Little read today, Mouhy was a prolific producer of minor novels. Estimates range from 40 to as high as 80, including anonymous and foreign imprints. For playwright and anti-philosophe Charles Montenoy de Palissot (1730-1814), Mouhy exemplified an “insipid style” and “inane genre” (Rivara, 2010: 14 n. 9) that lacked originality and substance. Journalist and literary critic Charles Monselet (1825-1888) catalogued Mouhy among “forgotten and disdained” writers, stating that he produced only one good novel (Monselet, 1876: 267-73). Another critic qualified Mouhy as “truly the most boring of eighteenth-century novelists” (d’Estré, 1897: 195). Although hardly respected by writers or critics, his novels appealed to contemporary readers in France and abroad (Cointre, 2010: 99-110). Recently, literary specialists have shown new interest in Mouhy (see Cointre, 2010; Kahan, 2010; Magnot, 2010; Rivara, 2010).

For Mouhy, as for Duclos, creative endeavor and practical pressure inform treatment of finances. By age 40, Mouhy had five children and a wife to support, with social entrée into “the society of grandees and finance” and his pen for resources (d’Estré, 1897: 196; see Shaw, 1955: 114-16). What he lacked, perpetually, was money. In 1741 his prurient novel Les Mille et une faveurs (The Thousand and One Favors) attacked Louis XV and his mistresses and ministers. Police lieutenant Feydeau de Marville threw the author into the Bastille, then relented after a month, possibly responding to Mouhy’s supplications that he must support his family. More certain was the utility of Mouhy’s connections. Forsaking slander, Mouhy became a nouvelliste (news compiler) and mouche (informant) for the Paris police. He listened in cafés, theatres and houses such as of controller general Philibert Orry and Voltaire, who received him. He quizzed interlocutors for information, attending to circulating noises and news (d’Estré, 1897: 203, 206, 217, 224, 230). He sent weekly manuscript gazettes to individuals outside Paris and daily supplied information to Merville, who informed the government about public opinion. Merville edited Mouhy’s reports, passing his redactions to the minister Maurepas (d’Estré, 1897: 200).

The news gathering operation of the monarchy, to which Mouhy contributed, sought public response to finances. As Darnton (1984) observed in studying reports on writers compiled by Joseph d’Hémery, inspector of the book trade, tax reforms of Machault d’Arnouville, and by extension, the monarchy itself, were drawing heavy criticism. A “spy’s account”, for example, reports strong statements about the vingtième made in the Parisian café Procope: “‘someone … ought to wipe out the whole court, whose sole pleasure is to devastate the common people and perpetrate injustice’” (Darnton, 1984: 25; see also Darnton 1985: 145-89, 276-77). Informed of public ire, the State published edicts describing how the new taxes would promote “equality” and “justice” across the society (Kwass, 2000: 42). Durand (1971: 419) has suggested that, in this climate, Mouhy’s novel could have been written on commission, such as to further the monarchy’s public relations campaign or enhance the reputation of financiers. Mouhy’s need for money; strategic turn toward the monarchy; connections to courtiers and financiers; and flattering portrayal of finances, together suggest that Le Financier could well have been conceived to repay debts and affirm bonds of obligation with protectors.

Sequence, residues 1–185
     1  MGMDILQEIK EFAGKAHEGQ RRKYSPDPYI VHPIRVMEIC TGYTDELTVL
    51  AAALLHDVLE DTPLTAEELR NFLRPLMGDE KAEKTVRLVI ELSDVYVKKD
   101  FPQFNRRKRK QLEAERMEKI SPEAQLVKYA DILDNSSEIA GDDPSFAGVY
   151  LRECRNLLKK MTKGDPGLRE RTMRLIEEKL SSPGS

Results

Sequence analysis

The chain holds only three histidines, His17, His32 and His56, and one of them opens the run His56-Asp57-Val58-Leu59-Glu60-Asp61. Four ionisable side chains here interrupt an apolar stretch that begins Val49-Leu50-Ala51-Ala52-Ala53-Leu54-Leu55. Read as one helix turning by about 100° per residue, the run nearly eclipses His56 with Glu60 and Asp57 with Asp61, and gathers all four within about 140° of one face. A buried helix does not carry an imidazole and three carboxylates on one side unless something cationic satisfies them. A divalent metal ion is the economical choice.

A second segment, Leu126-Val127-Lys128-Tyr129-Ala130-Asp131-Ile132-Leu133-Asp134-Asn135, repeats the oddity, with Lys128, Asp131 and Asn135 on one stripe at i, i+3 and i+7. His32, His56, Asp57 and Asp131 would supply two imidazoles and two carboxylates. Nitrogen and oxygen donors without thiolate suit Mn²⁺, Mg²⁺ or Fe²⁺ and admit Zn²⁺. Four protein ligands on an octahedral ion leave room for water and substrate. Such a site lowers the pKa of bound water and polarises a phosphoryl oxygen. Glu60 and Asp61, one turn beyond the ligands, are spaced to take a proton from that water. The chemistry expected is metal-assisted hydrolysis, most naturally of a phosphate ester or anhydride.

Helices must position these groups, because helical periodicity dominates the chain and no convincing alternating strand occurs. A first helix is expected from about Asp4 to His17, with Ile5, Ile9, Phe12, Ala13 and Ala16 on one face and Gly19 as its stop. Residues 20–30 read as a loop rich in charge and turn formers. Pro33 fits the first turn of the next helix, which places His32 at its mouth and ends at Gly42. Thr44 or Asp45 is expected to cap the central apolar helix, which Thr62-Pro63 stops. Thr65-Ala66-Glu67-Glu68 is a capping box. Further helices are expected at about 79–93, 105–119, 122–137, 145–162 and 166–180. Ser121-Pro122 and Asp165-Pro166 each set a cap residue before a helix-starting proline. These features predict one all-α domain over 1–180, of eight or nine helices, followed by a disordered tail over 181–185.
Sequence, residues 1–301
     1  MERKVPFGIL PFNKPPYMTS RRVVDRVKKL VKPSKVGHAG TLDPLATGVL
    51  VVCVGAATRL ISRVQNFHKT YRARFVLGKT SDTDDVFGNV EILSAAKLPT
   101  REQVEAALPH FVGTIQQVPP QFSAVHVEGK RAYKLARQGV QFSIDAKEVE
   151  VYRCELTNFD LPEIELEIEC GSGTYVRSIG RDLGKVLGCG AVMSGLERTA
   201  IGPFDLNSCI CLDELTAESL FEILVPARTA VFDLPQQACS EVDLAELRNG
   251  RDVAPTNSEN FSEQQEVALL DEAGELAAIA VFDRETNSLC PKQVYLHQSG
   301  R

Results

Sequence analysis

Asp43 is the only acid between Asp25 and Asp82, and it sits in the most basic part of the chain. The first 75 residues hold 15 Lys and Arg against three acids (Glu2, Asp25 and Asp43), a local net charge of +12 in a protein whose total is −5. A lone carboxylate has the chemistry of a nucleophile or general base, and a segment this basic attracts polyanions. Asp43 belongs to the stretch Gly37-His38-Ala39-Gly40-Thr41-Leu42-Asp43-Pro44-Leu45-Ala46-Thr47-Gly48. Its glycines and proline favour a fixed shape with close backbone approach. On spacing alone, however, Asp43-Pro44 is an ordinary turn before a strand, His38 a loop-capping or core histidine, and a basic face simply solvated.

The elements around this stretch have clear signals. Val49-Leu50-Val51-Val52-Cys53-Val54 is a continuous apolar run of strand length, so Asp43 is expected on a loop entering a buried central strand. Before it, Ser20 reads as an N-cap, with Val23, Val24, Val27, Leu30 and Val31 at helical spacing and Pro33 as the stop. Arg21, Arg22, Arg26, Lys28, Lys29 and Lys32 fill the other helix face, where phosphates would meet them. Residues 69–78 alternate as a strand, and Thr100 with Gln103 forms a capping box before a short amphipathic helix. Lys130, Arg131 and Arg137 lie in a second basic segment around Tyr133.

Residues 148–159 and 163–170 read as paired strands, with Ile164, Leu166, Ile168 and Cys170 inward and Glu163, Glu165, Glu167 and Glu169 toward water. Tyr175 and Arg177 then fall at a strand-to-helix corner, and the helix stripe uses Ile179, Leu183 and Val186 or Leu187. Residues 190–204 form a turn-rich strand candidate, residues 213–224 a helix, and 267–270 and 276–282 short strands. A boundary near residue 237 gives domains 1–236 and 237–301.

Mouhy enrolled, moreover, his ‘pro-finance’ novel in another battle of opinion, as well. The 1739 ‘proscription’ on publishing novels, due to their doubtful morality and utility, hardly prevented the flow of fictions (Weil, 1986; Weil, 1999). Even so, the atmosphere relaxed when liberal aristocrat and magistrate Lamoignon de Malesherbes assumed oversight of the book trade in 1750 (Grosclaude, 1961: 63-80; Martin, 1984: 74-75; Roche, 1984: 78-82). The easing spurred the reactionary Entretiens sur les romans (Conversations on Novels, 1755) by the abbé Jacquin, who inveighed against the moral dubiousness of fictions which could dupe readers. Mouhy refutes Jacquin’s argument in the prefatory ‘Essai pour servir de réponse à un ouvrage, intitulé Entretiens sur les Romans, par M. l’Abbé J.’ (Essay to Serve as Response to a Work, entitled Conversations on Novels, by M. l’Abbé J.) (Mouhy, 1755, Volume I: i-xx), holding that no writer could produce such a noisome work as the cleric imagines (see Kahan, 2010: 199-202). Mouhy’s Le Financier then follows, a convenient example a contrario of a moral novel.

Le Financier offers an idealized portrait of a tax farmer serving a benevolent monarch and the people, through an economics of secular virtue. The protagonist D’Argicourt’s name recalls argent (silver/money) and cour (court). He is honorable, enlightened, sensible, industrious and generous, within a society where ties remain feudal, and privilege still aspires to aristocratic status. The mixing of aristocratic and non-aristocratic elite values recalls recalibrations of the social order that we have encountered. The portrait of wealth and virtue suggests a fantasy, yet the novel accurately portrays habits of financial dynasties, as confirmed by later historians.